- - Monday, May 23, 2016


According to the PGA Tour, Phil Mickelson has earned $79.5 million in his career as a professional golfer. According to Forbes, “Lefty” earns more than $40 million from endorsements.

Suffice it to say Mickelson shouldn’t be desperate for money.

That’s why revelations about his insider trading are so confusing.

The Securities and Exchange Commission said Mickelson received a tip from legendary sports gambler Bill Walters, to whom Mickelson owed money. When the ill-gotten information paid off one week later, to the tune of $931,000, the proceeds were used to help relieve his debt to Walters.

Here’s the part that gets me: Authorities say he purchased $2.4 million worth of stock in Dean Foods after being urged by Walters — who was privy to info from a Dean Foods executive, another indebted gambler.

Why would Mickelson need help paying his gambling bill? Why wouldn’t he simply use the $2.4 million to pay Walters? How much did he owe and what kind of betting is he doing?

Whatever the answers, they cast Mickelson in a bad light, puncturing his good-guy reputation with yet another round of dubious activities. He was a defendant in the SEC case and escaped criminal charges due to a loophole, but has to repay the $931,000 plus $105,000 in interest.

“The complaint does not assert that Phil Mickelson violated the securities laws in any way” said a statement from his legal advisor Gregory Craig. “On that point, Phil feels vindicated. Phil was an innocent bystander to alleged wrongdoing by others that he was unaware of.”

Craig needs to improve his lie.

Authorities said Mickelson had a mere $250,000 in the stock market. There’s no way he put almost 10 times that amount on one company without knowing something. When Dean Foods announced a spinoff a week later, causing a 40 percent jump in its price, Mickelson cashed out the next day.

“Simply put, Mickelson made money that wasn’t his to make,” said Andrew Ceresney, director of the SEC’s enforcement division.

Maybe Mickelson would face more criticism if he was caught cheating on his wife and his secret voicemails were released to the public. But cheating in the stock market? Not too much of a problem. Two of his biggest sponsors are backing their guy.

“We have had a long-standing partnership with Phil and value our relationship with him,” Calloway said in a statement.

KPMG had similar sentiments: “While we are disappointed by what the SEC announced, we appreciate that Phil’s statement makes clear he respects and shares the values of KPMG. We accept his statement of personal responsibility and commitment and have nothing further to add.”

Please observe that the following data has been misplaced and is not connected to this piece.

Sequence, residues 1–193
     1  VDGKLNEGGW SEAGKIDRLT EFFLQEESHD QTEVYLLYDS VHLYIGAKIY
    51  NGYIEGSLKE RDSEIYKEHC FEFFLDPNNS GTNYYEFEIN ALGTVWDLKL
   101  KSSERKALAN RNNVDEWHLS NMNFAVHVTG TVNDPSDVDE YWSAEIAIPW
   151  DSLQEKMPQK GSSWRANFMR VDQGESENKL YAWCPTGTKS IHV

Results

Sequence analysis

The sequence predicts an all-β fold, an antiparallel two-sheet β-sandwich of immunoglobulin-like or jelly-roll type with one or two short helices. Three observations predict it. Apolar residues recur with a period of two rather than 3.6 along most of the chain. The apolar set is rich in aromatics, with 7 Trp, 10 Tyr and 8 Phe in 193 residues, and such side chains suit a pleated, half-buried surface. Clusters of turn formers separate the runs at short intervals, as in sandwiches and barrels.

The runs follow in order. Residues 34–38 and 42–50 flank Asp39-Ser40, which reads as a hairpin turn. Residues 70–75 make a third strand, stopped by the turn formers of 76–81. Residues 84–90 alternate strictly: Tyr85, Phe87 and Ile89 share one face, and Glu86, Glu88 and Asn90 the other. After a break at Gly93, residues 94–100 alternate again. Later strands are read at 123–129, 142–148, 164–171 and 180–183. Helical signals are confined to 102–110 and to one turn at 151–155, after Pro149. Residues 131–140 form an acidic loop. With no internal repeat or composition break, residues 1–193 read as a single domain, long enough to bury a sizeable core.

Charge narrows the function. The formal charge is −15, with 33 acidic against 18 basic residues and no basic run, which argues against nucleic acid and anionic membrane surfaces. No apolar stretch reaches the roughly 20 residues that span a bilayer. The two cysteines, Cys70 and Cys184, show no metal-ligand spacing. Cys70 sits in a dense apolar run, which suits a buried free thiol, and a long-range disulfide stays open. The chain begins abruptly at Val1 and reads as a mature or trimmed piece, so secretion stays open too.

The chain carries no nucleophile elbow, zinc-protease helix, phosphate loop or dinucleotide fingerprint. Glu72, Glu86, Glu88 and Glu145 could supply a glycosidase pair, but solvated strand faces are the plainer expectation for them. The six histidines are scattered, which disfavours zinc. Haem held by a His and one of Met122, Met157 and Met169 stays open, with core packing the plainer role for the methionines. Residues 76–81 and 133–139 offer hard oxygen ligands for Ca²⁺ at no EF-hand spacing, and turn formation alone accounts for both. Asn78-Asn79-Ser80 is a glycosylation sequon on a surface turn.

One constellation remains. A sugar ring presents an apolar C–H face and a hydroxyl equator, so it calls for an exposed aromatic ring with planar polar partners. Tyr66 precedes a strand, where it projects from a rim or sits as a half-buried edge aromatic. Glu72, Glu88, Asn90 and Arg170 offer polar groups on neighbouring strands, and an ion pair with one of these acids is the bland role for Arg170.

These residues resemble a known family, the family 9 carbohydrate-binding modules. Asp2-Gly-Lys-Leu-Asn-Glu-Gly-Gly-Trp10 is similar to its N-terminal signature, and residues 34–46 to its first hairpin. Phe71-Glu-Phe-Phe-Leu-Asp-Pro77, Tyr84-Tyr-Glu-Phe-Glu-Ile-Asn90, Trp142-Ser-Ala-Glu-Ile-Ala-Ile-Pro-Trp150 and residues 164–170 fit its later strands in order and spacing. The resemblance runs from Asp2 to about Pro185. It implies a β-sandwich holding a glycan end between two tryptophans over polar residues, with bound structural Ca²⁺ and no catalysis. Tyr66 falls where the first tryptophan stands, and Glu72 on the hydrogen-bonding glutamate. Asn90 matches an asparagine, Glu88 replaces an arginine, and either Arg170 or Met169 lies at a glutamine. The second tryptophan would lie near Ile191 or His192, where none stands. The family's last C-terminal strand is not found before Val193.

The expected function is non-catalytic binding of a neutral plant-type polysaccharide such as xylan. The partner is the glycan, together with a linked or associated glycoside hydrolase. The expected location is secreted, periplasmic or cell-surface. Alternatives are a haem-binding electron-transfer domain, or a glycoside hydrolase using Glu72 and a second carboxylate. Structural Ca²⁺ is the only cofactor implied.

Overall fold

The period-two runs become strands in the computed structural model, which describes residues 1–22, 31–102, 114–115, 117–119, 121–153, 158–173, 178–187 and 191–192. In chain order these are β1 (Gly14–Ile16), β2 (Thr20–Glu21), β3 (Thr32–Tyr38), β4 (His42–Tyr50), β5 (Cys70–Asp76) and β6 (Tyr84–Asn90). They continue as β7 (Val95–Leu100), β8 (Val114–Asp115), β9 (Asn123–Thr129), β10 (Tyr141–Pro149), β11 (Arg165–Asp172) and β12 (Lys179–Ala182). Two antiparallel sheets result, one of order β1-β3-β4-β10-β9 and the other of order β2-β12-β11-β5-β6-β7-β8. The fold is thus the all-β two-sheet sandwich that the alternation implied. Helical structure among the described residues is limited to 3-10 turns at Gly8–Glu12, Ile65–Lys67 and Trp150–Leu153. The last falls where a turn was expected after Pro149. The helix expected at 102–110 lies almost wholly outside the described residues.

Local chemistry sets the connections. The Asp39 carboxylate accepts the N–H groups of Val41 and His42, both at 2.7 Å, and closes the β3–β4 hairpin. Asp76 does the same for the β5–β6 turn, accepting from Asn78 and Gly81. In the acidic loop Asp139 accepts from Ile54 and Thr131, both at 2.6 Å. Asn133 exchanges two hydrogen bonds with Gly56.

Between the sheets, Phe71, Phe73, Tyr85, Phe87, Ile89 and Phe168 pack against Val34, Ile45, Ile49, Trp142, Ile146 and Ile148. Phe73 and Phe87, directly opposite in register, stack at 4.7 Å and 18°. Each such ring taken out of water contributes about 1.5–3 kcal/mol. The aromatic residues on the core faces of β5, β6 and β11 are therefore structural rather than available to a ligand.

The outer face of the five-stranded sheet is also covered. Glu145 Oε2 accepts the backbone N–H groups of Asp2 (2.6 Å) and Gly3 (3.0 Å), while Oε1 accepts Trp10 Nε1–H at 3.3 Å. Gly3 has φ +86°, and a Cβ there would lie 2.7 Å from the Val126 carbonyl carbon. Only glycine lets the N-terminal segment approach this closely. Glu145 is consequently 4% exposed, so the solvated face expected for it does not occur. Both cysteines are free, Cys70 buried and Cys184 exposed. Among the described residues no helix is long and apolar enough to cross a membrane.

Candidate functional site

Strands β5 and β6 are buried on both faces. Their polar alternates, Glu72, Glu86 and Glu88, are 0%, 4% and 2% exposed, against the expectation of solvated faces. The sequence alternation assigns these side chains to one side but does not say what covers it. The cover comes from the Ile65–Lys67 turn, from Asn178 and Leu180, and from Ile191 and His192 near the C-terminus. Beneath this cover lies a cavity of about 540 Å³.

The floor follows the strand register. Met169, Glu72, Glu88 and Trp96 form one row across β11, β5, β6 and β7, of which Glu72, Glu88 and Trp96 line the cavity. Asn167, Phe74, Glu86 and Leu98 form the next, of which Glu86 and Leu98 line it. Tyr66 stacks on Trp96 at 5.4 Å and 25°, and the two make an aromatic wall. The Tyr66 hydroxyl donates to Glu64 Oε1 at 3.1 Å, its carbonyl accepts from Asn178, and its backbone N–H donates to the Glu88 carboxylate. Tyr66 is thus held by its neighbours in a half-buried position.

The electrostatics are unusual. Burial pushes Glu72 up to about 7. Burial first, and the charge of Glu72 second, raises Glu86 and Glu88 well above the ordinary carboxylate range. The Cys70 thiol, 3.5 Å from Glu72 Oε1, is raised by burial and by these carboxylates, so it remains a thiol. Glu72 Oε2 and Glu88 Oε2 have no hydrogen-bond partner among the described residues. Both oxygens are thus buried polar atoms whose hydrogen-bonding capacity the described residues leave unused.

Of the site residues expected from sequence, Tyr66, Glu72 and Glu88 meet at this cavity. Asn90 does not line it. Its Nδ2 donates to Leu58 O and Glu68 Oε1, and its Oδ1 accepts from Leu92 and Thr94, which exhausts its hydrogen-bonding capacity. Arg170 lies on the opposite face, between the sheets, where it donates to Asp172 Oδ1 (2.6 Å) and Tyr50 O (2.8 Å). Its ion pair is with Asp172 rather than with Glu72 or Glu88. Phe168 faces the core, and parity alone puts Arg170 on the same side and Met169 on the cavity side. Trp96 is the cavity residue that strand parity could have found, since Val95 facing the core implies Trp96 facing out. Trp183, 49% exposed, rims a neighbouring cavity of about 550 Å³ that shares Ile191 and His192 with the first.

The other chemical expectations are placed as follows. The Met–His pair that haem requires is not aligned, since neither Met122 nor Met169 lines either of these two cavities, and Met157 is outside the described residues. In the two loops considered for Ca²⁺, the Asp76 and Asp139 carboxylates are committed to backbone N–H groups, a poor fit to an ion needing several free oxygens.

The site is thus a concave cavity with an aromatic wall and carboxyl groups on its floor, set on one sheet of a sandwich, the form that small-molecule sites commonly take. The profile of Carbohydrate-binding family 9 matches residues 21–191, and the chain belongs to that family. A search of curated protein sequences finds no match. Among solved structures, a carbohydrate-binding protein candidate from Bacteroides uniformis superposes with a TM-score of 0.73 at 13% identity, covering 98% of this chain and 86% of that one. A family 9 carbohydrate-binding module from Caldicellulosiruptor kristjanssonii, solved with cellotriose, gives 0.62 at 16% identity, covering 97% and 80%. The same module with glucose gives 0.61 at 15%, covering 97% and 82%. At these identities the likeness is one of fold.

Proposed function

Mickelson has won a lot of support for his goofy smile and Everyman persona. But a closer look reveals someone with questionable character at best, and outright criminal tendencies at worst.

Based on court documents and two sources, ESPN’s “Outside the Lines” reported in March that Lefty was part of “an illegal gambling operation which accepted and placed money on sporting events.” He reportedly was the unnamed “gambling client” who had approximately $2.75 million laundered by a sports handicapper who pleaded guilty.

Apparently, Mickelson isn’t just poor at managing his money (otherwise he’d be able to satisfy his debts with a wad of cash from under his sofa cushion). He also seems to have a gambling habit that should worry his sponsors and the PGA Tour.

He’s notorious for side wagers and money matches, which aren’t uncommon among pro golfers but take on legendary status with Mickelson. He once was reprimanded by the Tour after winning $500 from Mike Weir in the players’ lounge at the NEC Invitational, wagering $20 at 25-1 odds that Jim Furyk would hole a bunker shot.

Mickelson has won big-money, publicized bets on the Super Bowl (Baltimore Ravens in 2001) and the World Series (Arizona Diamondbacks in 2001). There’s no indication he has ever bet on golf, but the idea of Lefty cavorting with pro gamblers and owing them money can’t make officials happy.

According to the tour handbook’s “Conduct of Players” section, players shall not “associate with or have dealings with persons whose activities, including gambling, might reflect adversely on the integrity of the game of golf.”

Between the money laundering case and the Dean Foods case, Mickelson could have a hard time arguing that he hasn’t violated the policy. “That’s something we’re in the process of looking at and determining,” tour spokesman Ty Votaw told the Associated Press.

Circumstances suggest that a suspension is in order. But that could be the least of Mickelson’s worries.

If I were a betting man, I’d say getting his financial house in order and curbing his appetite for gambling are bigger concerns.

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